…as Baru inaugurates anti-corruption committee
The Nigerian national petroleum corporation (NNPC) has disclosed that the four major investments it recently embarked upon with key upstream joint venture partners are capable of providing incremental revenue to the national treasury by over $30 billion within the next 10 years.
Speaking at the inauguration of the reconstituted nnpc anti-corruption committee in Abuja on Monday, group managing director of the corporation, Dr. Maikanti Baru, said the investments which attracted a haul of close to $3.8 billion in foreign direct investments would serve as vehicle to fast-track the prevailing post cash-call exit era.
The GMD listed the critical joint venture alternative financing upstream investments to include: the $1.2 billion multi-year drilling for 36 offshore/onshore oil wells under the NNPC/Chevron Nigeria limited, codenamed project cheetah and the NNPC/first e & p jv and Schlumberger tripartite $800 million alternative funding agreement for the development of the Anyalu and Madu fields in the Niger delta.
Also listed are the agreements executed in London last week for the $1billon NNPC/SPDC jv project Santolina and the NNPC/Chevron $780 million project falcon on sonam, hitherto financed through JV cash call.
Dr. Baru commended the NNPC finance and technical teams for being able to attract the much needed foreign investment at a period when it has become increasingly difficult to attract foreign credit facilities.
“These four projects alone are going to raise incremental revenues to Nigeria of over $30 billion over the life of the projects in less than 10 years. They will also serve as part of the vehicle for exiting jv cash calls. we have to pay our arrears of about $6billion that were incurred pre-2016 and we are also paying up a tranche of about $1billion 2016 arrears. We started in April 2017 with the payment of $400million and we will pay the balance before the anniversary of the first payment,’’ he said.
The GMD explained that the arrangement would allow the corporation to subsequently operate from the production revenue less the first line charge to government which is the royalties and petroleum profit tax.
He said that whatever profit that accrues afterwards would be remitted to the government after deduction of production cost.
Drawing a correlation between the quest for revenue and the anti-corruption campaign, the GMD said members of staff must never allow corrupt practices to distract from the great task ahead.
The GMD traced NNPC’s involvement in the anti-corruption campaign to the year 2000 when the federal government directed all its ministries, departments and agencies (MDAS) to establish in-house anti-corruption committees.
“NNPC was the first to put one in place within a month, precisely in October 2000”, he noted
Dr. Baru was a chairman of the committee.
He noted that since then, the NNPC anti-corruption committee had consistently carried out its mission of eradicating corruption in NNPC through organizing sensitization campaigns, workshops, seminars and federal government publications on issues concerning corruption and economic crimes.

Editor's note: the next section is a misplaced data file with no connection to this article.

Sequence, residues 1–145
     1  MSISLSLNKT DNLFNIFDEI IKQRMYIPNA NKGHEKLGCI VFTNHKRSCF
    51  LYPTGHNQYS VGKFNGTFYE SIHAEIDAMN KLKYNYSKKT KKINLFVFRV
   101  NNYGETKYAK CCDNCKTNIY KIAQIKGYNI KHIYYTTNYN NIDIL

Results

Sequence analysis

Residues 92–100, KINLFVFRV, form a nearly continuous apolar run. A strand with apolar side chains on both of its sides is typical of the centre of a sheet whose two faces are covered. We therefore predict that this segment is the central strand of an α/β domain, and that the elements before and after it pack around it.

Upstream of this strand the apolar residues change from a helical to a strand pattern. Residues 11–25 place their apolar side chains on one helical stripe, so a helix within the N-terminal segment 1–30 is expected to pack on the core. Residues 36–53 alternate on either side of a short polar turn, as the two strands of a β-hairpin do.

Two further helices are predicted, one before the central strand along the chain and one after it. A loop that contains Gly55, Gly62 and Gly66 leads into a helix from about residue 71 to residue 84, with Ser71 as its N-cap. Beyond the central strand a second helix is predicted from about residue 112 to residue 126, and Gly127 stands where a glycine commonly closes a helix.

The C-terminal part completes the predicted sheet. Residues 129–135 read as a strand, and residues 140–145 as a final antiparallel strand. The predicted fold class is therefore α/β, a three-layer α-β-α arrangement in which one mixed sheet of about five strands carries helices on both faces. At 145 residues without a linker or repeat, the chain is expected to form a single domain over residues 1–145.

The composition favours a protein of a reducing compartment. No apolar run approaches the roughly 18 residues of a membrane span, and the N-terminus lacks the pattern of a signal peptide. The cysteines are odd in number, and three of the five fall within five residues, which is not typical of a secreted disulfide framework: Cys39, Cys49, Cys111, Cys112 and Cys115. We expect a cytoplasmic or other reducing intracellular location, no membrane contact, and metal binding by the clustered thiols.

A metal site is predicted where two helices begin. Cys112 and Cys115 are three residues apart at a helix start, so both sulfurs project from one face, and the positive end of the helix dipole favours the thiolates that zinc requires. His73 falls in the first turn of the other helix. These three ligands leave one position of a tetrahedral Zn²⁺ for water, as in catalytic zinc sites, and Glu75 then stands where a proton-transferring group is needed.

While thanking the former committee members that served at various times for a job well done, Dr. Baru urged the new members to surpass the achievements of the past committees in line with the present administration’s anti-graft agenda.
He emphasized that with the prevailing global economic reality; the only survival strategy at a time like this was to change from old ways of doing business and embrace the best practice of transparency, accountability and honesty with integrity.
The new NNPC anti-corruption committee is headed by Mr. Mike Stanley Balami, a group general manager in the finance and account directorate and a veteran anti-corruption crusader.
Mr. Balami pledged the readiness of members of the committee to work in harmony towards achieving a corruption-free NNPC.
He urged all heads of strategic business units and corporate services units to reconstitute and inaugurate their anti-corruption units to work closely with the corporate anti-corruption committee to ensure a corruption-free NNPC.
In the same vein, the Nigerian national petroleum corporation (NNPC) has disclosed that an audited financial account containing details of its operations in 2016 would be ready by the end 2017, while that of 2015 would be out by the end of august 2017.
Though the NNPC had lately begun to publish a monthly report of its operations in Nigeria’s oil industry, it has, however, not published annual audited account of its operations for a very long time.
While the office of the auditor general of the federation (AGF) had stated that the NNPC last submitted its audited account in 2014, the fiscal responsibility commission (FRC) in 2016 carpeted it for allegedly failing to provide its audited financial statements to it since 2011.
FRC said the corporation’s last audited financial statement was that of 2009, adding that the development was a blatant violation of section 23 (3) of the financial responsibility act (FRA) 2007